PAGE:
1991 Ponsot Chambertin

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Wine Critic Reviews for 1991 Ponsot Chambertin

The 1991 Chambertin is one of the rare wines from this grand cru vineyard that justifies the price and mythical reputation. It is a great wine, with deep ruby color, and a splendid perfume of smoked meats, jammy black and red fruits, and Asian spices. Layers of supple, juicy, succulent fruit filled with glycerin, sweet tannin, and high alcohol make for a hedonistic, decadent mouthful of wine. It should drink well for at least 10-15 years. No matter how many wines I taste, or how long the days can be in damp, dingy cellars, it is hard to spit out wines such as Ponsot's Chambertin.

The perennially inconsistent Domaine Ponsot has, along with the Domaine Leroy, turned in the vintage's most extraordinary performances. This domaine made mind-boggling 1990s, but a strong case can be built that Laurent Ponsot and his father have fashioned 1991s that are as rich and profound as their 1990s. Certainly their yields were significantly lower. In fact, only Domaine Leroy had yields as low as Ponsot's average of 16 hectoliters per hectare (less than 1 ton per acre). Keep in mind that 1 ton per acre on 8,000-10,000 vines per hectare is considerably different than 1 ton per acre from new world vineyards that have 1200 vines per hectare. In the top grand crus, such as Chambertin, Clos St.-Denis, and Clos de la Roche, Ponsot's yields were between 9-13 hectoliters per hectare - and from exceptionally old vines. This domaine abhors new oak, uses no SO2, and bottles its wines with no fining or filtration, utilizing only nitrogen gas to protect the wine as it is moved from cask to bottle. Bravo to the Ponsots for making some of the greatest red burgundies I have ever tasted - and they have done it in back to back vintages!

Robert Parker | 96 RP

More Information
Vintage 1991
Color Red
Country France: Words fail us when trying to adequately portray France's place in the world of wine. It's downright impossible to imagine what wine would feel and taste like had it not been for France's many, many viticultural pioneers. Fine wine is the blood of France's vigorously beating heart, and it finds itself in many aspects of French culture. With a viticultural history that dates all the way back to the 6th century BC, France now enjoys its position as the most famous and reputable wine region on the planet. If you have a burning passion for masterfully crafted, mouth-watering, mind-expanding wines, then regular visits to France are probably already in your schedule, and for a good reason.
Producer Domaine Ponsot
Rating 96 RP
Region Burgundy: Situated just west of the beautiful river Saone, the hills and valleys of Burgundy stand as they have stood since medieval times, and you can almost hear the cheerful chatter of vineyard workers from miles away. Indeed, France's identity in the world of wine would be incomplete without the inclusion of Burgundy and its many viticultural achievements. Every little sub-region of the area boasts a unique soil composition, which, when combined with the area's climate conditions, creates an incredibly diverse and appealing selection of fine wines. Every new bottle is an adventure of its own, and a snapshot of its birthplace. You could spend years sampling great Burgundian wines, and you would still have a lot to learn, which is what makes the region so compelling for veterans and novice wine lovers alike. No matter what your taste in wines may be, there is a winery in Burgundy that could mesmerize your mind and make your senses scream with joy. And what better way to spend a comfy summer afternoon with your friends and family than with a classy bottle from some of the region's most reputable wineries? From the noble slopes of Cote d'Or to the flatlands near various settlements, let us help you on your journey as we explore Burgundy's most delicious and renowned wines.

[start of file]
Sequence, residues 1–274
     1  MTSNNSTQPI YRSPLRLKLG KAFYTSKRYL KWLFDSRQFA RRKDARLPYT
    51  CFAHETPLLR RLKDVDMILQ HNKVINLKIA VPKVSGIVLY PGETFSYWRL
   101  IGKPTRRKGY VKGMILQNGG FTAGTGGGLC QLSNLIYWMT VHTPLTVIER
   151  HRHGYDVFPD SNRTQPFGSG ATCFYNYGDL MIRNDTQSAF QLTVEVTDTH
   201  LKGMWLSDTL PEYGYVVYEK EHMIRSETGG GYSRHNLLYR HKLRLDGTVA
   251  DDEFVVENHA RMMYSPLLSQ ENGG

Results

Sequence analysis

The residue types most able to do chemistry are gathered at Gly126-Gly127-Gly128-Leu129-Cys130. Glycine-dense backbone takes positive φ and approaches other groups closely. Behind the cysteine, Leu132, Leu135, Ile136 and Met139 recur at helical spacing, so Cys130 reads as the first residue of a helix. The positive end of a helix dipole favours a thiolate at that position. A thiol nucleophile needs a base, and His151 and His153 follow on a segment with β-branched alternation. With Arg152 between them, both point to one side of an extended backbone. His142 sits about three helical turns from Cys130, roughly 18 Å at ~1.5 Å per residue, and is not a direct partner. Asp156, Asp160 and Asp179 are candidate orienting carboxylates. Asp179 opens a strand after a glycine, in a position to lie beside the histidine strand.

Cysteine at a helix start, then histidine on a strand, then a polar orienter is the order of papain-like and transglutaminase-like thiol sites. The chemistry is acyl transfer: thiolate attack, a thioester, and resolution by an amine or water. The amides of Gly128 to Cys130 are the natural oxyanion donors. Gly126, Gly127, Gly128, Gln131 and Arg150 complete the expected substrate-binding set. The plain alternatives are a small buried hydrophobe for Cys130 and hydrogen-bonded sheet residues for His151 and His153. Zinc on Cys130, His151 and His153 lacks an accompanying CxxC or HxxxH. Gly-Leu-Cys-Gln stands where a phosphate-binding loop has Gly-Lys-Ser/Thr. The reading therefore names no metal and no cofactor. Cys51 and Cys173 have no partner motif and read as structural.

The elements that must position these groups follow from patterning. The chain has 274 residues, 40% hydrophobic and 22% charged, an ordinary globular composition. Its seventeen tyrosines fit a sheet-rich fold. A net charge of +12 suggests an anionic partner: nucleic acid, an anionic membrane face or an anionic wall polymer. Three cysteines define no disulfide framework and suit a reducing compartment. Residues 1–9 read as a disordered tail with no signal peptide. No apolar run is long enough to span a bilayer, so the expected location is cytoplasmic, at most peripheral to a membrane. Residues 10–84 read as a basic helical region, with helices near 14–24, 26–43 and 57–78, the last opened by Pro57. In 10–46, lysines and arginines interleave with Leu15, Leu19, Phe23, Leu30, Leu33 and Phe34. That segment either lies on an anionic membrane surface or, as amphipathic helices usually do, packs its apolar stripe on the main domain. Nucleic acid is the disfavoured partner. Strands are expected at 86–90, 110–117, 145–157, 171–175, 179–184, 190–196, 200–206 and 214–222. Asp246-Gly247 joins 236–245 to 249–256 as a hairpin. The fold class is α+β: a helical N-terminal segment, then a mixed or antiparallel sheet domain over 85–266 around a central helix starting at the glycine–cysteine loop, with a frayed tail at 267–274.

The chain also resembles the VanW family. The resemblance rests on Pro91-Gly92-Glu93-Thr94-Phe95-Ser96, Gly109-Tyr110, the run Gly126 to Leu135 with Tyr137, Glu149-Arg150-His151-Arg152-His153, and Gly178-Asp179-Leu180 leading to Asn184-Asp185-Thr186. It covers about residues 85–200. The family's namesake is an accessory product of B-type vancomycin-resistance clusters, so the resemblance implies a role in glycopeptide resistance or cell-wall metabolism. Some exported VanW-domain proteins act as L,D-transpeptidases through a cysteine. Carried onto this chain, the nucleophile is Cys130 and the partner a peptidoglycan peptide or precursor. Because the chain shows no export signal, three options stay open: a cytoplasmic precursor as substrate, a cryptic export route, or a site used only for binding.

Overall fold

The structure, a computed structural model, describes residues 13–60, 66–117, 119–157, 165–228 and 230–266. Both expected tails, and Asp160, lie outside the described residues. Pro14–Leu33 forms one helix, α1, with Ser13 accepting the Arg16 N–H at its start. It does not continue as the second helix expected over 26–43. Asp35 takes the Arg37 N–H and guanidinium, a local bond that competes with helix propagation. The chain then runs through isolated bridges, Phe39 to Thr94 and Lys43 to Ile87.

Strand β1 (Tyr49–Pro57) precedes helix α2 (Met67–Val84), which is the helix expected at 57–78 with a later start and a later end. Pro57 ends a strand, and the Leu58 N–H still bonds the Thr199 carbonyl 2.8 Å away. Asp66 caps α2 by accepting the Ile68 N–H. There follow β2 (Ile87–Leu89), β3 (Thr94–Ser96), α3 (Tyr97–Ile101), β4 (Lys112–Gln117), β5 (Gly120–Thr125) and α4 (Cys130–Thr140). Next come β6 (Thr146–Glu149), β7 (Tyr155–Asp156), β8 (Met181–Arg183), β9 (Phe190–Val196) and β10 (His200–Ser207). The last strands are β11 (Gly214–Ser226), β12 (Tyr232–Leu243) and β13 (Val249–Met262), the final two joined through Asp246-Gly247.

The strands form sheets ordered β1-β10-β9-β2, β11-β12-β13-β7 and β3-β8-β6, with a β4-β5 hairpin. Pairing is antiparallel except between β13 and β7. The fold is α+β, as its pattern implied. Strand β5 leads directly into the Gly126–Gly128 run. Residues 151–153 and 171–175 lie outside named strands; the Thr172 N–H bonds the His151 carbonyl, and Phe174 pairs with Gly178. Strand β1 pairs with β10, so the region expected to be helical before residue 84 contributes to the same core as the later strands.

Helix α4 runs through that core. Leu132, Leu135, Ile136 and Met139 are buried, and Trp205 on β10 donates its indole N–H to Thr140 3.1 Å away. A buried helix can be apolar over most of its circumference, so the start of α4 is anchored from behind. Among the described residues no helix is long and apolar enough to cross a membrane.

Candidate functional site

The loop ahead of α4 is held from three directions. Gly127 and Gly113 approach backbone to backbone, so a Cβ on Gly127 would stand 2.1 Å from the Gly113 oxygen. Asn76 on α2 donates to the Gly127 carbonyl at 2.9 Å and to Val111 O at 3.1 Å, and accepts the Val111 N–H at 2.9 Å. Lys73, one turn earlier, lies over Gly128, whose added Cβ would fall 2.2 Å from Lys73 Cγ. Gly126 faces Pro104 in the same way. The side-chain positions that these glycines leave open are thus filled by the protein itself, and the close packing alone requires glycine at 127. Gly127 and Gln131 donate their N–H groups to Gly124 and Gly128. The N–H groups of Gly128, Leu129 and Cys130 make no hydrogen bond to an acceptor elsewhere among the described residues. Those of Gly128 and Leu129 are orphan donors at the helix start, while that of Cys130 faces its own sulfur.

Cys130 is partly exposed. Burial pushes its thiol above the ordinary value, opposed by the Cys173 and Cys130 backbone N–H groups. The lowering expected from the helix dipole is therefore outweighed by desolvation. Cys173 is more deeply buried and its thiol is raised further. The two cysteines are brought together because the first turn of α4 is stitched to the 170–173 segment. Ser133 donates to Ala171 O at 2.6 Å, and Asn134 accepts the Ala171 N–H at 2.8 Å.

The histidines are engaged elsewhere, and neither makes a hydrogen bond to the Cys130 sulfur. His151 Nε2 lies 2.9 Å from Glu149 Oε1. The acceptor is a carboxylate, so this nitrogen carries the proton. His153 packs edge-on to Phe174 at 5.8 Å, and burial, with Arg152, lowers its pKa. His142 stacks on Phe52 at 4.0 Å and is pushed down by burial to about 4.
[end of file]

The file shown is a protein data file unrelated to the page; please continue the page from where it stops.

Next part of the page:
Type of Wine Burgundy Red: If you have a craving for some beautiful, mind-expanding Pinot Noir, few regions can match the talent and consistency of Burgundy. The grape almost seems like it evolved for this very region, and its essence will stimulate your senses and arouse your imagination. Drink deep and experience almost spiritual enlightenment.
Varietal Pinot Noir: Pinot Noir is possibly the most versatile red grape when it comes to the ways it's been used over the years. From red wines to sparkling wines and beyond, there aren't many places where you can avoid hearing about it, and for a good reason. It's often easy to spot a bottle of Pinot Noir simply by the pale, translucent color, which transitions into a shade reminiscent of old-timey brickwork, adding a lovely dash of country charm to an already awe-inspiring drink.
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